I recall that I did not cry. I wanted to, but the tears did not come. I prayed that God be with me and my friends; I may even have prayed for this to be some sort of elaborate joke. I cannot remember the words, but the emotions remain vivid: confusion, sorrow, and even a little fear. I did not sit with my family. When I walked into the main sanctuary, I saw some red-eyed classmates. We hugged and sat together in the back. At the end of mass, Father Lasch stepped up to the ambo. He announced that although it had not been officially confirmed, it appeared that a young parishioner had died tragically in a fire the night before. He asked everyone to pray, and indicated that friends would be gathering at a nearby home.
I drove over to the house in the pouring rain. I remember that spring rain vividly. Although it was as if all of heaven and earth was crying, I still wasn’t. I spent the entire day at the house. It was somber. Circles of teenagers sitting on the floor in stunned silence. I will always remember the first face I saw when I walked in the door. It was Amy, Mike’s prom date. The look of total horror and sorrow on her always smiling face will forever be etched in my mind. The prom was scheduled for that coming Friday. But that day it was the farthest thing from everyone’s mind.
That evening there was a memorial service. Afterwards, we decided to gather at a McDonald’s. No one wanted to go home. No one wanted to be alone. I don’t know if it was out of fear that someone else would be lost, or if we just didn’t think that our families could provide the comfort we were receiving from our friends. Either way, amidst the milkshakes and fries, Christ’s comforting presence was at every table. A few of Mike’s closest friends, especially the ones who had been present at the fire, were in no shape to drive; I offered to chauffer.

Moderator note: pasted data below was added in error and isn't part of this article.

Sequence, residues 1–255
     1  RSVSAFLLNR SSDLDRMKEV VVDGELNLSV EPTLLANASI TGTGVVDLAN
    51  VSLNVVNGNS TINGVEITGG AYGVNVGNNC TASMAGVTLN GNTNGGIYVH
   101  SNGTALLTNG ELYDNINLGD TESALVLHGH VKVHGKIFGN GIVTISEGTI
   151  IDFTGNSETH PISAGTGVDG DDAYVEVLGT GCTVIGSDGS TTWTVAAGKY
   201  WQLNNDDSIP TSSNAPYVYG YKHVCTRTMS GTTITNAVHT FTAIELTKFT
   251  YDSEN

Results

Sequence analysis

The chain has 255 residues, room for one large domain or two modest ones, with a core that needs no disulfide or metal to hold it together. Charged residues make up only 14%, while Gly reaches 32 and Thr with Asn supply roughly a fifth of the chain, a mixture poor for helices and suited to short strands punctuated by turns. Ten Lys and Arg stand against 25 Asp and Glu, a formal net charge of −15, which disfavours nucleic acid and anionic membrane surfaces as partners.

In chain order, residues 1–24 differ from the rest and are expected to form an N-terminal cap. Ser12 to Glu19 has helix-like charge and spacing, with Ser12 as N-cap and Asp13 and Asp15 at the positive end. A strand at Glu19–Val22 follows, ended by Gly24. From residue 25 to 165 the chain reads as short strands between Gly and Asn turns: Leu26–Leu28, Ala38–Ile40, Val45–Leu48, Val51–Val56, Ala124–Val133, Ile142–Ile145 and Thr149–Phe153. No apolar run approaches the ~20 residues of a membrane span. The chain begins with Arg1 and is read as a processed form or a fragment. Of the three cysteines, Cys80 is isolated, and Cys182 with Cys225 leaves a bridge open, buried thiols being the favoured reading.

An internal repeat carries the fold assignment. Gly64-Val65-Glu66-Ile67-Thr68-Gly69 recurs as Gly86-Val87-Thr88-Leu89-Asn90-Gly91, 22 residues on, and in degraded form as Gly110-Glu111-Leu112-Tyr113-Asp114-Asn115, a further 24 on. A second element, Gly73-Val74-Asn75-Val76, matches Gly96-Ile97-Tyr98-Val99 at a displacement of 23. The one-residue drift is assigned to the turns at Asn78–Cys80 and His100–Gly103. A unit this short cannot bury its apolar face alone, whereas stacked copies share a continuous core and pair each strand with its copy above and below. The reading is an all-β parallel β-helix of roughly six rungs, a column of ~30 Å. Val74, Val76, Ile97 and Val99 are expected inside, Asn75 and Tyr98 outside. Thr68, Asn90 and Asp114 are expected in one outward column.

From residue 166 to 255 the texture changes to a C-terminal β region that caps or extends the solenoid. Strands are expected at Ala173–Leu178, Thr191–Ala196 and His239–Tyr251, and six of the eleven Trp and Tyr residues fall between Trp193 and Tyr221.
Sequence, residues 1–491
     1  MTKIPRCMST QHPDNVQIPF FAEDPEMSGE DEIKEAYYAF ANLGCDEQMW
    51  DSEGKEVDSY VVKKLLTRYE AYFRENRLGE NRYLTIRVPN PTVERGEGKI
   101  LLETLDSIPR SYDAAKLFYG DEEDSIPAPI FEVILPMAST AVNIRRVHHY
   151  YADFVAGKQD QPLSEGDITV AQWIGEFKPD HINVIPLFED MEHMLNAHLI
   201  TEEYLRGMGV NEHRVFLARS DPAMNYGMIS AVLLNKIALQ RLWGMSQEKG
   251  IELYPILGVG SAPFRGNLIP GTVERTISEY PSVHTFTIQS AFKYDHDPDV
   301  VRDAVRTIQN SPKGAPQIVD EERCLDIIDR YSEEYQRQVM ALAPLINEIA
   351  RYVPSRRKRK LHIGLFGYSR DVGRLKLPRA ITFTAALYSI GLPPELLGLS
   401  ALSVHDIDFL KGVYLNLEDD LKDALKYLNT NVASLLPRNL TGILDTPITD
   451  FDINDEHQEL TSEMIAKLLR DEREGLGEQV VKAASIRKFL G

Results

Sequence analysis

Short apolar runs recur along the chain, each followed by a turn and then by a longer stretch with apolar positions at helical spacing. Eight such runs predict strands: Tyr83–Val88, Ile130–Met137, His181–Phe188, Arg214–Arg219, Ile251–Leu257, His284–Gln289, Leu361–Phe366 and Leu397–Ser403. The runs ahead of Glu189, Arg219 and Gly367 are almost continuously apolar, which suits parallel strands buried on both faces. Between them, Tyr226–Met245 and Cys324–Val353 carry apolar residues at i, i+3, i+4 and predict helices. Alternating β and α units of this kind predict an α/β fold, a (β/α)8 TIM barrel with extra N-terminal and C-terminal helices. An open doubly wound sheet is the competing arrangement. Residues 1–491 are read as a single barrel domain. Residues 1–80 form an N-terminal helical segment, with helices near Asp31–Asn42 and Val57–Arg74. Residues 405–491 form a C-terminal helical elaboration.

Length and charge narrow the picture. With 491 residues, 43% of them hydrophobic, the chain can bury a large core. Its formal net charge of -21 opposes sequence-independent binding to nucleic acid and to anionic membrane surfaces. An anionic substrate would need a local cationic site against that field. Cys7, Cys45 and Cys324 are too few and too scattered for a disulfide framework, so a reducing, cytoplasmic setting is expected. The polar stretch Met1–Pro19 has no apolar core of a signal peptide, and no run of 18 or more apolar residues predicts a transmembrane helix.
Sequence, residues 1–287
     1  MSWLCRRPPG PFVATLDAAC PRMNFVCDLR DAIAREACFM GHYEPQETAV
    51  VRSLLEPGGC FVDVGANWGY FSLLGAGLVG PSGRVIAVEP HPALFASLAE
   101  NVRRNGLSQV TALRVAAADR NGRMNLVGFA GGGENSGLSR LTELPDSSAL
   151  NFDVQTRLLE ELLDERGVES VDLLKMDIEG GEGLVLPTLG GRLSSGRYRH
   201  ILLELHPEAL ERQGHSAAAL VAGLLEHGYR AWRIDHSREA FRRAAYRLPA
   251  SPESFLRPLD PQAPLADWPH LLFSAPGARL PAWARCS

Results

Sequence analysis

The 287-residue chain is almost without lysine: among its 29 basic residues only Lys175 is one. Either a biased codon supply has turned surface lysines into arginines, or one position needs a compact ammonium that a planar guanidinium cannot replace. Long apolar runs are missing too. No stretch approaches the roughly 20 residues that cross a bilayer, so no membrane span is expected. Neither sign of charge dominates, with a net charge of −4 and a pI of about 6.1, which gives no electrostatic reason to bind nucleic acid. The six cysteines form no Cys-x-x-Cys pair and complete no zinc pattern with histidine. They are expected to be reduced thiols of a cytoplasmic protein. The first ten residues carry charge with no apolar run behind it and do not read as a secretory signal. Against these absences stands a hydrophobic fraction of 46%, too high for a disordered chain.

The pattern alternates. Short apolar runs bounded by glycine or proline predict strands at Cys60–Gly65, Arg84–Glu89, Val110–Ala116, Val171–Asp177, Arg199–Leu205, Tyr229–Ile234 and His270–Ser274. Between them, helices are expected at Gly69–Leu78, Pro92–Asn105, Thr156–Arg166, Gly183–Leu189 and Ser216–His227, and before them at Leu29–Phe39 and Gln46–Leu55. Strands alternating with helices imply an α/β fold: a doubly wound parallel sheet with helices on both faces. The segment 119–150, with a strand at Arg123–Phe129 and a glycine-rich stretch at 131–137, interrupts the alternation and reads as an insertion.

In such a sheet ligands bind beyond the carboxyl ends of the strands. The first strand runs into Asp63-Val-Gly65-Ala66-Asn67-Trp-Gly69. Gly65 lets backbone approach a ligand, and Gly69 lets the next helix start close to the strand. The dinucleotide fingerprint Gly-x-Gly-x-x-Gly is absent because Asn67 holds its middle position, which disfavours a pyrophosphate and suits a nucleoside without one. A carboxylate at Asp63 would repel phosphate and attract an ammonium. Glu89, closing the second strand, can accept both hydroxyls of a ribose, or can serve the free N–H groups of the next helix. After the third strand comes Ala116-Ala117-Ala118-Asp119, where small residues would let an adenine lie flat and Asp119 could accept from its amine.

That night, when I finally got home, I could not sleep. I still couldn’t cry. I don’t know what bothered me more: his death, or the fact that I couldn’t cry about it. I tossed and turned. I didn’t know what to do. Then I remember hearing a voice, clear as day,
“Joe, you need to do what I would do.” It was Mike. That was all I needed to hear. Mike would be the comforter. He would be the shoulder to cry on. He would be helping others to get through this difficult time. Now I had a mission. I finally fell asleep.
I woke up the next day, got dressed, and headed to church. I felt called to start my day with daily Mass. The chapel was empty when I walked in. I knelt down in the first row of pews, looked up at the tabernacle, and lost it. I cried like a baby. I sobbed. It was a release unlike any I
had ever felt. Father Lasch came in, getting things set up for the Mass. He walked over and placed his hand on my shoulder. That didn’t help matters. I wept even more. I finally gathered myself together just in time for the Mass to begin.